EXCLUSIVE: FBI agent opens up about Kilpatrick case, trial to Investigator Heather Catallo

DETROIT - For years – the FBI Special Agent who was at the center of the Kilpatrick Corruption Case has only ever been able to tell us "no comment."

FBI protocol and grand jury secrecy laws prevented anyone associated with the case from saying anything.

But now that a jury has convicted Detroit's former mayor – the lead case agent has finally agreed to take us inside this historic investigation.

WATCH THE FULL INTERVIEW WITH AGENT BEECKMAN BELOW:

7 Action News Investigator Heather Catallo asked FBI Special Agent Bob Beeckman if he would sit down for an interview and answer as many questions as possible… and he agreed to speak on behalf of his team.

Kwame Kilpatrick and Bobby Ferguson are now behind bars – convicted of corruption so widespread federal prosecutors called it "breathtaking."

Now the man who built the case against the former mayor, his father, and his friend… is finally talking about the 8 ½ year investigation that changed city hall forever.

"If you have public officials that betray the trust of citizens, the whole fabric of society comes apart," said Beeckman.

Special Agent Beeckman led a team of about 70 agents.  Together they interviewed 1000 witnesses, poured over 400,000 text messages… and landed 35 convictions. 

"Do you ever step back and look at the role that you played in changing the political landscape here in Detroit," asked Catallo.

"I don't think we stop and say hey we've fixed the problem let's go do something else.  But like I said, it's rewarding work, I think we're pleased with the result we've had here," said Beeckman.

"What was your first sense that something was amiss in the Kilpatrick administration," asked Catallo.

"Well, we had a number of different people who had given us information. In a public corruption case, and this is no different than any other Public Corruption case – you can't open a Public Corruption case on single source information.  We would never take the word of one person and potentially ruin a public official's reputation.  It always has to be more than one source.  In this case we had quite a number of sources, and they were sources that ranged from things like maybe another agent would have a case and there would be a defendant who would cooperate, provide some information.  Or someone would call with a complaint, or maybe another contractor would make a complaint or that sort of thing," said Beeckman.

Special Agent Beeckman says after enough people came forward with stories of what the FBI calls "systemic corruption" in Kilpatrick's administration – this veteran agent and his partners in the US Attorney's office got approval from Washington DC to open a case. What followed was years of doggedly chasing down leads and evidence – and getting reluctant witnesses to cooperate.

"Did you have a witness you thought was the best for the case," asked Catallo.

"The text message is the most important witness..  I don't think you can beat the defendants own words that were in a text message," said Beeckman.

"Were you just sort of stunned at times with what you were reading," asked Catallo.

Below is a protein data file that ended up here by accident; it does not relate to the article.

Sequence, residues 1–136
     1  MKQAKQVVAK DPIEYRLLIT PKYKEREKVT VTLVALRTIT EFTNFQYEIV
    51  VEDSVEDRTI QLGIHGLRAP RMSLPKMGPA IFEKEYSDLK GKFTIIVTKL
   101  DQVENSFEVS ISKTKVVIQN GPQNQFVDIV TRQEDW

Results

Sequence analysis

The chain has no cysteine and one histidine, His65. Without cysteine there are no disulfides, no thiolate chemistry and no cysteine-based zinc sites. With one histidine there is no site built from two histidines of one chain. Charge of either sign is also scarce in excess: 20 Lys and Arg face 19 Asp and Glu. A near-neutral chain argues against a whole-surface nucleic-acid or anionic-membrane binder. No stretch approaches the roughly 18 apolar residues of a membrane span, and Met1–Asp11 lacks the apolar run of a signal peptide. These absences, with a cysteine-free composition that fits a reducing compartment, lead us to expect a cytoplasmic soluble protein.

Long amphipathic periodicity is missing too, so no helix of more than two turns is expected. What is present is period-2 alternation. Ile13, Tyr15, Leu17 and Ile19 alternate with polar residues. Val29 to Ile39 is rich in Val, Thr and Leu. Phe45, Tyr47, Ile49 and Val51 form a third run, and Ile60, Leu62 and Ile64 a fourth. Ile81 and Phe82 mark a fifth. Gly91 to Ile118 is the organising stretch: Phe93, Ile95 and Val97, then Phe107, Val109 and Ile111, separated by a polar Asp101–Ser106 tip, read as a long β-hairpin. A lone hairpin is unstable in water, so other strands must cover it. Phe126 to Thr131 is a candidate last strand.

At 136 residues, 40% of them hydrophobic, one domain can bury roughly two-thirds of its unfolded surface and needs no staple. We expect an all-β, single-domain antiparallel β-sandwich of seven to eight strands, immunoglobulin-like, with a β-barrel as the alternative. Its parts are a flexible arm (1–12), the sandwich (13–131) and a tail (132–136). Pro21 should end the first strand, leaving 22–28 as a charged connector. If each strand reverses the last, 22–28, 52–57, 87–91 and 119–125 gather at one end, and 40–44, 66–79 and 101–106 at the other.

"I think so in some cases, there would be times you would read a text message, and scratch your head and say why would somebody put that in a text message?  We'd call our partners and say guess what I got? It'd be one of those eureka type moments, where you find something that's really valuable and end up being an exhibit some day," said Beeckman.

Text messages weren't the only piece to this puzzle – the FBI also used undercover video and of course – those wiretaps.

"Is there a reason you only wiretapped Bernard and not the other targets," asked Catallo.

"The law is – it's not just that you had to have probable cause that somebody is committing a crime, you have to have probable cause they're committing a crime using that particular telephone to commit one of the crimes that's mentioned in the wiretapping statute.  So It's not a matter of well  we know this person is committing crimes and they have a telephone.  That won't get it.  You have to have probable cause that particular person is using that phone before we can do that.  And we didn't have that evidence on anybody except Bernard Kilpatrick at the time that we had those wiretapping orders," said Beeckman.

Bernard Kilpatrick was ultimately only convicted of a tax charge.

Beeckman says even though they ended up with a hung jury for him on the racketeering conspiracy -- he says the RICO guilty verdicts for the former mayor and Ferguson were worth all those years of work.

"What was going thru your mind when you heard that verdict," asked Catallo.

"I think my heart was pounding as much as everybody's, it was certainly a dramatic moment, one of the most dramatic moments I've experienced in my career.  I think even a casual observer who didn't know what was going on, if they had walked into that courtroom at that minute, would have felt the drama of the moment, and I was just relieved that it worked out the way it did. And that the jury saw it our way. That they thought they were guilty of count 1. The RICO conspiracy – that meant a lot to me," said Beeckman.

"You feel absolutely positive justice was served," asked Catallo.

"Absolutely. 100%," said Beeckman.

Special Agent Beeckman also says the FBI can't do anything about corruption unless people like you tell them about it.  You can reach them at 313-965-2323.

 

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